The laws that generally provided for mandatory retirement in Canada have been eliminated. Across Canada, with very few exceptions, employees generally cannot be forced to retire at age 65. But can their benefits be cut off at age 65?
Even if employers are permitted to cut off benefits to workers 65 and older under human rights antidiscrimination laws, are they contractually entitled to do so? Recent labor arbitration decisions indicate that if employers don’t properly contract to cut off benefits, they may not be entitled to cut off benefits at all.
End of mandatory retirement
The end of mandatory retirement in Canada began in Quebec in 1982 and ended with the federal sector in 2012. Ontario was one of the provinces that put an end to mandatory retirement in the mid-2000s, with amendments to the Ontario Human Rights Code in 2006.
Prior to 2006, the Ontario Human Rights Code provided age-related nondiscrimination protections only for those between the ages of 18 and 64. Once an employee hit age 65, he or she could be subject to an employer’s mandatory retirement regime and was no longer afforded age-based protection.
In 2006, Ontario’s Human Rights Code changed, and age-related protection was granted to all 18 years of age or older, in line generally with many other provinces at the time, such as Alberta and Manitoba. As a result, age-based programs, such as mandatory retirement, became generally unavailable to employers.
Differentiation in benefits
Though the system changed dramatically as a result of the amended Human Rights Code, one aspect of the legislation was left unchanged: Employers were still entitled to differentiate in benefits provisions based on an employee’s age. More specifically, employers remained entitled under the Human Rights Code to discontinue an employee’s benefits at age 65.
Ten years have now passed since the new legislative regime took hold, and the legacy of those changes continues to unfold. Canada’s workforce is maturing, with increasing numbers of employees choosing to work past 65. Benefit cutoffs come as an unanticipated impact to some.
With the potential to affect a growing number of employees as the baby boomer generation continues to mature, the aspect of the law that permits benefit cutoffs has come under various forms of scrutiny. It has been challenged, without success, as being contrary to the Human Rights Code itself (though the legislation expressly permits this). The benefits cutoff provisions of the Human Rights Code have themselves been challenged as unconstitutional under the Canadian Charter of Rights and Freedoms. In challenges under the Charter, the provisions have been found acceptable despite being found to be discriminatory.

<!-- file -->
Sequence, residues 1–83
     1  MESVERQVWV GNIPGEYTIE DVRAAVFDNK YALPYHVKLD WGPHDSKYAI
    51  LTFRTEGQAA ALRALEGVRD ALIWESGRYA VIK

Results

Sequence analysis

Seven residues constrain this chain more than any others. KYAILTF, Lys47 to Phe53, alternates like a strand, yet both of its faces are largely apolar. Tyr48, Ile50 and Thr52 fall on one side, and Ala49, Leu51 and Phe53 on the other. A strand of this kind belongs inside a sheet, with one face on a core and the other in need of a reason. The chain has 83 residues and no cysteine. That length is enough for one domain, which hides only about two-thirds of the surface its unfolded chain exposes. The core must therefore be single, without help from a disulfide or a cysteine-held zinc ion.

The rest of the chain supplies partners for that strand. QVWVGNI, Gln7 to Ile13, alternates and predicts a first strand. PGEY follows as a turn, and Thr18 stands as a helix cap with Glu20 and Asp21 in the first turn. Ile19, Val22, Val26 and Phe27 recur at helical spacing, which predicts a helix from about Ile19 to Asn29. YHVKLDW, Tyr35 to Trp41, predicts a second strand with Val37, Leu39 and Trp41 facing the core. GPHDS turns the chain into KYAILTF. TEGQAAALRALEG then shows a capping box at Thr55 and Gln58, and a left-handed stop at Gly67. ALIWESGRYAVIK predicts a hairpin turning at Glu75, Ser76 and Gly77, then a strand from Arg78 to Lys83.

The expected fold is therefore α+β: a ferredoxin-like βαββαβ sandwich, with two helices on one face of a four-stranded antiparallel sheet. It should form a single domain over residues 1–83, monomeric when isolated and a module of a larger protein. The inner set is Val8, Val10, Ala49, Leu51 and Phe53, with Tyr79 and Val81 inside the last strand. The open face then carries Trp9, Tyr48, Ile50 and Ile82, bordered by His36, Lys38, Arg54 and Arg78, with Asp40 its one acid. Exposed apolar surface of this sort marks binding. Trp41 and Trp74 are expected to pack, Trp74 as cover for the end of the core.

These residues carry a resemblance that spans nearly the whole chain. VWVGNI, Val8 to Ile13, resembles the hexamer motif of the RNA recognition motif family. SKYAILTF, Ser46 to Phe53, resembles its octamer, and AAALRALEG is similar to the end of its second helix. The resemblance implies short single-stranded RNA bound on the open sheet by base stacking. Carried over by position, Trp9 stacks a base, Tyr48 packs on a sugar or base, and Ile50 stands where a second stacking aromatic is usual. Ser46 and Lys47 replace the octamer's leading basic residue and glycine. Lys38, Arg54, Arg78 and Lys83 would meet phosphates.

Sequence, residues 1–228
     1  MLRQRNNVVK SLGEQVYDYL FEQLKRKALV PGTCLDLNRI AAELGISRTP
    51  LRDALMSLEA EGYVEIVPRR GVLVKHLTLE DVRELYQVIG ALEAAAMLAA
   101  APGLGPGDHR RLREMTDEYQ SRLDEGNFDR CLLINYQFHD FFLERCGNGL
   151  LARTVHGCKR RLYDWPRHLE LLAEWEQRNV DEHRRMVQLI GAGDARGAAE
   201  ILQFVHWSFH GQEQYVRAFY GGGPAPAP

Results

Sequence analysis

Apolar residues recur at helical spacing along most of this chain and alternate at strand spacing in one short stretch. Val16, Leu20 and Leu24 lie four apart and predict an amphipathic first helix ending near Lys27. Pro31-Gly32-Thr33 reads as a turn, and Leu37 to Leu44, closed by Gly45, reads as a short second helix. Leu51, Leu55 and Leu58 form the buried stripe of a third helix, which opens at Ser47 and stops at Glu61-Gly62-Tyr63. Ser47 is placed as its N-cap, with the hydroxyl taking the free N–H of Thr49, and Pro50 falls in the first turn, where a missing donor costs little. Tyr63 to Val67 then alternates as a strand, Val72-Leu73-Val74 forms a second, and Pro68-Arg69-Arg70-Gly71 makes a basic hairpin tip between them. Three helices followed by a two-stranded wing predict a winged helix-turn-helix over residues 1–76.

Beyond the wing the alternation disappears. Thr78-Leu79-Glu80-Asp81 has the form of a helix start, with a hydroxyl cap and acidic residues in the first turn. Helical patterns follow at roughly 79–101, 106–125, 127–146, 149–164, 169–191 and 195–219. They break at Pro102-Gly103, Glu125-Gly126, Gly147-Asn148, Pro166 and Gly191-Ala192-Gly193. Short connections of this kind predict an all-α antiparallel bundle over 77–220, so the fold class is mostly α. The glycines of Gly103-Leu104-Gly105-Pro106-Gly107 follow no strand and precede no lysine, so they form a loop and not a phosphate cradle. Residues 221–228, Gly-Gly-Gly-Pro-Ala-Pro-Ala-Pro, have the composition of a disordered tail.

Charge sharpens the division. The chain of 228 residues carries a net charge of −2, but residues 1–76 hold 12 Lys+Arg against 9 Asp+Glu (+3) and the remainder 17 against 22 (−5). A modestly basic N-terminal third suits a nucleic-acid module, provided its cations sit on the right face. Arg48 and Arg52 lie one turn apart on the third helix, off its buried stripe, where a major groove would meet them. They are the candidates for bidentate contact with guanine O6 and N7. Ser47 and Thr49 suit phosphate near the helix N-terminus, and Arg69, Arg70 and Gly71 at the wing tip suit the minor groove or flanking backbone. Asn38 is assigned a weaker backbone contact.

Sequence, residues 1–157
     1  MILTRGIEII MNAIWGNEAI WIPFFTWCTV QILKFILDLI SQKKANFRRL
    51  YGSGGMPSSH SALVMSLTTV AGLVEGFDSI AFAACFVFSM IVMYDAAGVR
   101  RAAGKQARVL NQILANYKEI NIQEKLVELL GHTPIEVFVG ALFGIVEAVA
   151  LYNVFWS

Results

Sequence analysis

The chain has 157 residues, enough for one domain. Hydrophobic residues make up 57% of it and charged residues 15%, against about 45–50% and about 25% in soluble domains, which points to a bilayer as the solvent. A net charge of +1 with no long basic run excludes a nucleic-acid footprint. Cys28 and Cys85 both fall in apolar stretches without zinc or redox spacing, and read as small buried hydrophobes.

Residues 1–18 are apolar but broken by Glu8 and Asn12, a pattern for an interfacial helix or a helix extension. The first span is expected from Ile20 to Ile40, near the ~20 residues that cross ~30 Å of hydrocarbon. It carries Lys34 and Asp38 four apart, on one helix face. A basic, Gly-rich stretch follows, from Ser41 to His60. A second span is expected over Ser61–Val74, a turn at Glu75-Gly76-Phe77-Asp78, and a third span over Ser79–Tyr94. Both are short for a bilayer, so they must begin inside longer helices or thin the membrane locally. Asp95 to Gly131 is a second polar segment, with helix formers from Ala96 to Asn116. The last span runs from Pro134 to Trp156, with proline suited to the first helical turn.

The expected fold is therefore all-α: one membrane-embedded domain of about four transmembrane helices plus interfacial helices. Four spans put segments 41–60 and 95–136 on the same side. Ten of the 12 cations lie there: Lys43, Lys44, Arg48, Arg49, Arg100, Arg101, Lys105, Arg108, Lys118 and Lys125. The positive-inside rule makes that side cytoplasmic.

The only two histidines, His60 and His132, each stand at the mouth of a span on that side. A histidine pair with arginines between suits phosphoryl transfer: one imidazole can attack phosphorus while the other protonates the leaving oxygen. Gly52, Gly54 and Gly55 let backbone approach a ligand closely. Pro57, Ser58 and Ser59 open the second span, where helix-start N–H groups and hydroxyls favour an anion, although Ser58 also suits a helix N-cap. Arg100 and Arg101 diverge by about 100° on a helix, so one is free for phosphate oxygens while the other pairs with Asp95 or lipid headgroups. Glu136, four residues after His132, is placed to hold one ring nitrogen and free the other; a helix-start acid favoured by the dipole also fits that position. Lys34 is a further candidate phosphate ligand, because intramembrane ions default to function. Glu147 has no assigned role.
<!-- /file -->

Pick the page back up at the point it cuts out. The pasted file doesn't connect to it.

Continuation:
Challenges in unionized workforces
Having found no foothold to challenge the benefit cutoff practice on a statutory or constitutional basis, several unions have brought contractually based challenges to the practice. More specifically, unions have challenged an employer practice of cutting off benefits at age 65 as being contrary to a governing collective agreement. As the unions’ argument goes, if the employer has not bargained to cut off benefits at age 65, notwithstanding the ability to do so under the Human Rights Code, the employer is contractually obliged to continue benefits after age 65.
Labor unions have found some success in this contractual argument. By way of example, in the recent case of Brockville Mental Health Centre v Ontario Public Service Employees Union, Local 439, Arbitrator Paula Knopf was called upon to interpret the language of a collective agreement with respect to long-term disability, life, accidental death and dismemberment, and optional life insurance benefits. In the language of the collective agreement at issue, only one of those benefits—long-term disability benefits—referenced that the benefit would be subject to the terms and conditions of an applicable long-term disability plan.
The applicable long-term disability plan had an age cutoff of 65. The remaining benefits, being life, accidental death and dismemberment, and optional life insurance benefits, had no such reference and no other language in the collective agreement, which expressly said that the benefits could be discontinued or decreased at age 65.
As a result of this, the employer was found to be responsible for continuing the life, accidental death and dismemberment, and optional life insurance benefits for employees after age 65.
Next steps for Canadian employers
The contractual basis on which labor unions have been able to secure ongoing benefits coverage might equally find its way into nonunion environments. In order for Canadian employers to ensure that they are contractually entitled to discontinue benefit coverage at age 65 or above, careful consideration should go into the formation and drafting of written employment contracts.
Verbal contracts, or contracts that fail to provide some level of protection for benefit cutoffs (whether expressly written into the contract or at the very least inferred by way of a reference to the terms and conditions of any applicable plan and plan document(s) that themselves indicate an age cutoff) may be subject to significant scrutiny in the event an employer proceeds to cut off benefits at age 65.
As with unionized environments, employers who fail to properly contract for benefit cutoffs may be responsible to continue benefits well past 65, facing the potential of increased premiums or even the potential that the employer will be required to step into the place of an insurer if a third-party insurer refuses to continue coverage for a Canadian employee over age 65.